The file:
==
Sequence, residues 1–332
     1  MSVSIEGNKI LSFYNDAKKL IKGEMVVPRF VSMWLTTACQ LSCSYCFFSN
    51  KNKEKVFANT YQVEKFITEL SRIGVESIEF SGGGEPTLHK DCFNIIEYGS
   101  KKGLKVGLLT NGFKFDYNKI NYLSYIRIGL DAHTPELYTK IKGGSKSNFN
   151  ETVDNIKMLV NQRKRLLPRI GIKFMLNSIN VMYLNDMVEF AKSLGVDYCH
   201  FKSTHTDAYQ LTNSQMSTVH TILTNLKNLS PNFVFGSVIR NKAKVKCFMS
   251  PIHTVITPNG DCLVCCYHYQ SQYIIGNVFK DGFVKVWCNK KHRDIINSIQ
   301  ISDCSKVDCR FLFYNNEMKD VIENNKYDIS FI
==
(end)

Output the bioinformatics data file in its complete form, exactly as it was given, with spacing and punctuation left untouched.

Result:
Sequence, residues 1–332
     1  MSVSIEGNKI LSFYNDAKKL IKGEMVVPRF VSMWLTTACQ LSCSYCFFSN
    51  KNKEKVFANT YQVEKFITEL SRIGVESIEF SGGGEPTLHK DCFNIIEYGS
   101  KKGLKVGLLT NGFKFDYNKI NYLSYIRIGL DAHTPELYTK IKGGSKSNFN
   151  ETVDNIKMLV NQRKRLLPRI GIKFMLNSIN VMYLNDMVEF AKSLGVDYCH
   201  FKSTHTDAYQ LTNSQMSTVH TILTNLKNLS PNFVFGSVIR NKAKVKCFMS
   251  PIHTVITPNG DCLVCCYHYQ SQYIIGNVFK DGFVKVWCNK KHRDIINSIQ
   301  ISDCSKVDCR FLFYNNEMKD VIENNKYDIS FI